Watch out for any turkey labeled "cage-free," as that's not a legitimate claim in the turkey world like it is for eggs and chicken. "Whether turkeys are raised indoors or outdoors, they wouldn't be caged; they'd always have the ability to move freely, even within the barn," says Peterson. The real differentiator here is a free-range label. Regulated by the USDA, it requires that birds labeled as such must have continuous, free access outdoors for more than 51 percent of their lives. Peterson says birds grown this way tend to be better-tasting, because they've been moving around more in a lower-density, lower-stress environment, allowing them to exhibit more natural behaviors.
Related: How to Cook a Turkey
If you don't want to think too much about the barnyard life of your turkey, focus on the taste: Emmons says some free-range birds may have a bit of a gamey flavor, and can often be a bit tougher since they're more muscular than other birds. "Some people soak [free-range turkeys] in milk to remove some of the extra gamey flavor while also tenderizing the bird, then they brine them to increase tenderization and add more moisture," says Emmons. "It's a little more work, but easier on your conscience."
These can be tougher to find than your average supermarket turkey — often you'll need to go to a local farm or butcher shop that specializes in heritage turkeys (and yes, expect to pay a premium for these, too). Over the years, turkeys have been bred for consumption and have taken on different characteristics because of it, says Emmons. Heritage turkeys, now coming back into favor, have been bred to stay the same as they were many years ago — "much like an heirloom tomato looking and tasting like a tomato before science got a hold of it," Emmons adds. Know that the flavor and texture of a heritage turkey will be much different (i.e., stronger) than a common domestic turkey, and you'll have to prepare it accordingly to accommodate for these variations.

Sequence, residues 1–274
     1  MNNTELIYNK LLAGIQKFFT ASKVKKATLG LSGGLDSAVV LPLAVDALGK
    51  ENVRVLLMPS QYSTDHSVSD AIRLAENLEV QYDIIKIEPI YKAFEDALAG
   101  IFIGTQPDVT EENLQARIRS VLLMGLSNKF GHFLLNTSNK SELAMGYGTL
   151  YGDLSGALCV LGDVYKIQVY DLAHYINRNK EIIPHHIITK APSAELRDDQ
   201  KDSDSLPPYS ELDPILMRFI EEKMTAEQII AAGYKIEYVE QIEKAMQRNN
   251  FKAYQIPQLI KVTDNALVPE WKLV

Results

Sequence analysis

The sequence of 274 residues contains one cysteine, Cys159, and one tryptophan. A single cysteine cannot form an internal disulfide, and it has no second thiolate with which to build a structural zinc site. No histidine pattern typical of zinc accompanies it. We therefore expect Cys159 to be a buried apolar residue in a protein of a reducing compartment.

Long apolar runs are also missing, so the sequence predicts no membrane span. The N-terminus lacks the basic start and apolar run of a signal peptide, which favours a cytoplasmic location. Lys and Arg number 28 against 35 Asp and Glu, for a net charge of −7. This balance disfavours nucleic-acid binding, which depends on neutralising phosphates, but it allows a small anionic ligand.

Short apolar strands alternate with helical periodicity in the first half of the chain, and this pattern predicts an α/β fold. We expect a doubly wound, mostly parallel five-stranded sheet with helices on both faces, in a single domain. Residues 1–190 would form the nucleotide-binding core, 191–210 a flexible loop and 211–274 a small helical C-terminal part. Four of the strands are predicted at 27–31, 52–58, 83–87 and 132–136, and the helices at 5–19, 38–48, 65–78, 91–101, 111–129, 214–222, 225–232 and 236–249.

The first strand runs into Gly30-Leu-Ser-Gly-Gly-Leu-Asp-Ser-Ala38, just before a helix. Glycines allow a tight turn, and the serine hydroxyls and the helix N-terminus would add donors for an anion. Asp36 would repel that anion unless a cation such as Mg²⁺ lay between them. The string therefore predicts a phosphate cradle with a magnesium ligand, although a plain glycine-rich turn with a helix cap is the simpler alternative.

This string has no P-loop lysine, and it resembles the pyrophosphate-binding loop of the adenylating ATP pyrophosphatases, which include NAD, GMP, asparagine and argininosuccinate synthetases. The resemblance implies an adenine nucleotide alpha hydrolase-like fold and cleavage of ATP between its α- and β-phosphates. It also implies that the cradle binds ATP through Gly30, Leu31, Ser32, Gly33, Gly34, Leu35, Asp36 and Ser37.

What Turkey Type is Best?
There's a turkey out there for everybody, but not every turkey is for you. Big picture, think about what values are most important to you when going to buy your bird. "Whether they're really cheap at a big-box store or really expensive with lots of claims, all of the turkey types can be a good option — it's just about finding the right consumer for the right turkey," says Peterson.
If prepared right with a little patience and planning, a Thanksgiving turkey can be one of the best meals you enjoy all year — especially in 2020. "We're all craving things that feel normal and give us a sense of tradition and anchoring," says Peterson. "Nothing says that more than Thanksgiving turkey."